During Growth:

Side dress your beet plants one to three times during their growing period starting from when they are 4 – 6 inches (10 – 15 cm) tall. Use 3 ounces (85 g) of the same 10-10-10 formula each time.

Potassium and Phosphorus::

Beets are heavy feeders, so ensure they receive adequate potassium and phosphorus. These nutrients contribute to root development and overall plant health.

Best Companion Plants for Beetroot

Companion planting is an excellent way to maximize the health and productivity of your beetroot plants while promoting a balanced ecosystem in your garden. Here are some companion plants that work well with beetroot:

1. Lettuce: Lettuce is a great companion for beetroot because it provides shade and helps keep the soil cool, which is beneficial for the beetroot roots. Additionally, lettuce and beetroot have similar watering needs, making them compatible companions.

2. Onions and Garlic: Onions and garlic can help deter pests that commonly affect beetroot, such as aphids and flea beetles. Their strong aroma can repel these pests and protect your beetroot plants. Plus, onions and garlic are known to improve the flavor of beets when grown together. Just remember they all grow underground, so don’t overcrowd.

3. Swiss Chard: Swiss chard belongs to the same family as beetroot (Amaranthaceae), and it makes an excellent companion plant. They have similar cultural requirements and can be planted together, adding a colorful and nutritious variety to your garden.

4. Cabbage Family: Members of the cabbage family, such as kale, cabbage can be good companions. They help deter pests like cabbage worms and can also provide shade to beetroot plants.

5. Broccoli: Broccoli needs calcium from the soil, and beetroot doesn’t need as much so they won’t be competing for this. nutrient. In addition, the roots from the broccoli plant dig deep and bring up nutrients that the beets can’t reach.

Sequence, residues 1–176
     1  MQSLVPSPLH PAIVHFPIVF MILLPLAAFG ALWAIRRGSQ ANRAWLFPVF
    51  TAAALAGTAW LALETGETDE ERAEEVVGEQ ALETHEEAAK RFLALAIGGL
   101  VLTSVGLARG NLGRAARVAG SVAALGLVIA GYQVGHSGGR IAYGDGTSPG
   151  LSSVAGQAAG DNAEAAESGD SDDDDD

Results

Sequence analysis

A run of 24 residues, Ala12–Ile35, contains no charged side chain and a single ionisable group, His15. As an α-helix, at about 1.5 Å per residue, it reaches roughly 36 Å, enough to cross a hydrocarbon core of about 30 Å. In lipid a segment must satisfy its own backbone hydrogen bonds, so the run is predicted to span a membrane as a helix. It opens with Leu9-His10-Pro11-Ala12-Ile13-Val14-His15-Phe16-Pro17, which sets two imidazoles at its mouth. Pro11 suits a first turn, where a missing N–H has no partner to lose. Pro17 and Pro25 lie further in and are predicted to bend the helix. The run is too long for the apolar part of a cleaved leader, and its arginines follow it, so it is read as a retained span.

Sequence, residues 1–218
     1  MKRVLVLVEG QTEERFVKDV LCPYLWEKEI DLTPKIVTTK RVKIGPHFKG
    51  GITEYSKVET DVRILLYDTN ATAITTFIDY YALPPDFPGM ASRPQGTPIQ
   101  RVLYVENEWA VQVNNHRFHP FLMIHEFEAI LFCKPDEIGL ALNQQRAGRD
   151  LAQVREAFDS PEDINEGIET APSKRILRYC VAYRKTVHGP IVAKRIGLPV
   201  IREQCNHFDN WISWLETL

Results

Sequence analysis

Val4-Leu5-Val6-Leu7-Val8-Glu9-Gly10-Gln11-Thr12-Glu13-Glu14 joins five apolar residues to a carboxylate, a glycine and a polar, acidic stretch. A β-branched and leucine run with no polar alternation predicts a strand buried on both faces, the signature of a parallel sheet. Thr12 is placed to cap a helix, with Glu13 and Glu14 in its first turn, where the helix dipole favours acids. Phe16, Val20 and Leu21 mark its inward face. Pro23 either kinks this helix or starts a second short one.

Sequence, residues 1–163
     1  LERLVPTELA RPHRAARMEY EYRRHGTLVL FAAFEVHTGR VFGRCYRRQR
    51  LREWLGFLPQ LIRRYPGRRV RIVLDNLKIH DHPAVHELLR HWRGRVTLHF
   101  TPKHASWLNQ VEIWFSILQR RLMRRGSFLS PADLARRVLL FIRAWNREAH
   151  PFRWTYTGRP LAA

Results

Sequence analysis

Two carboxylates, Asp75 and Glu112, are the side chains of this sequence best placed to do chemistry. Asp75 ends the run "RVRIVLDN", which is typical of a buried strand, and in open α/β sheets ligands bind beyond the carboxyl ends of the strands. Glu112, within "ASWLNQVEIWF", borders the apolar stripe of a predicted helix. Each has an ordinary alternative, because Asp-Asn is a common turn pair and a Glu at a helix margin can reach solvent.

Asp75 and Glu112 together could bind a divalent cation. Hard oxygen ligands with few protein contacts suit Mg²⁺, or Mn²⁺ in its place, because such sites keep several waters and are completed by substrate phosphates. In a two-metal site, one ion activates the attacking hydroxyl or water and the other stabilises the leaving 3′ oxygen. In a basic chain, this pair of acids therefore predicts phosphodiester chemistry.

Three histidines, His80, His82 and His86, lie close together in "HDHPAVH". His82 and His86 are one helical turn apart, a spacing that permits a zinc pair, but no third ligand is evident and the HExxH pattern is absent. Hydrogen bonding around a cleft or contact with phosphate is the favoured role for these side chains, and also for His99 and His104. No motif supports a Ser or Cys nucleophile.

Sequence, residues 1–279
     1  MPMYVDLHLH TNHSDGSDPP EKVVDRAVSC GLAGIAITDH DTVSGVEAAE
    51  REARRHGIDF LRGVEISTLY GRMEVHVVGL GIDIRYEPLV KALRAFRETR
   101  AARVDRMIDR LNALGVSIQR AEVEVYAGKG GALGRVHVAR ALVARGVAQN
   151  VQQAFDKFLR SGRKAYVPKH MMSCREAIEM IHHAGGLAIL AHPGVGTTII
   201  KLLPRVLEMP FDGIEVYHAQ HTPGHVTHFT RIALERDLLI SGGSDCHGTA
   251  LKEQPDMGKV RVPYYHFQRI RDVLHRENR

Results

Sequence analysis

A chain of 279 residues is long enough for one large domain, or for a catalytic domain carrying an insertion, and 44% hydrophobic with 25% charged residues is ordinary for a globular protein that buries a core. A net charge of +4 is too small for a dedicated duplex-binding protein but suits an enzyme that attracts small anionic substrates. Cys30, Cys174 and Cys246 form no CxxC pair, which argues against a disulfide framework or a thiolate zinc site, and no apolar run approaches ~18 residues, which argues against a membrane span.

6. Marigolds: Marigolds are well-known for their ability to repel pests like aphids and nematodes. Planting marigolds around your beetroot can help protect them from these unwanted visitors.

7. Nasturtiums: Nasturtiums are not only beautiful but also serve as natural pest repellents. They can deter aphids, beetles, and caterpillars, helping to keep your beetroot plants pest-free.

The right companion plants will create a harmonious garden ecosystem that promotes the health and productivity of your beetroot plants.


Banner - download our easy to use companion planting guide

When to Harvest Your Home-Grown Organic Beetroot

Size and maturity

Beetroot can be harvested at different stages, depending on your preference.

For young and tender baby beets, you can start harvesting when they reach about 1-2 inches (3 – 5 cm) in diameter, typically around 6-8 weeks after sowing the seeds.

If you prefer larger beets, you can allow them to grow to their full size, which is usually around 2-3 inches (5 – 12 cm) in diameter for most varieties.

Check the tops

The tops of the beetroot plants can provide clues about their readiness for harvest. When the greens (beet tops) grow to be 3-4 inches tall, it’s a good indicator that the beets have developed beneath the soil. The greens should be healthy and vibrant, showing no signs of wilting or yellowing.

Lift gently

To harvest beetroot, gently loosen the soil around the base of the plant using a garden fork or trowel. Lift the beets out of the ground, taking care not to pull out others that aren’t quite ready.

Trim the tops

Once the beets are harvested, trim the tops, leaving about an inch of stem attached to the beet. Leaving some stem helps prevent bleeding of color and keeps the beets fresher for longer.


Remove any excess soil from the beets (don’t wash them and they will lasts longer in storage, just brush the soil off), and store them in a cool, dark, and dry place. You can store beetroot in a cool, dark area for several weeks to a few months, depending on the variety and storage conditions. 

Remember that beetroot can be harvested gradually, allowing you to enjoy a continuous harvest by picking the beets at different stages of maturity. Harvesting at the right time ensures the best flavor and quality for your homegrown organic beetroot.

Pests and Problems

As with all plants, there are some pests and problems you need to look out for, but doing regular checks on your plants so enable you to pick up anything quickly.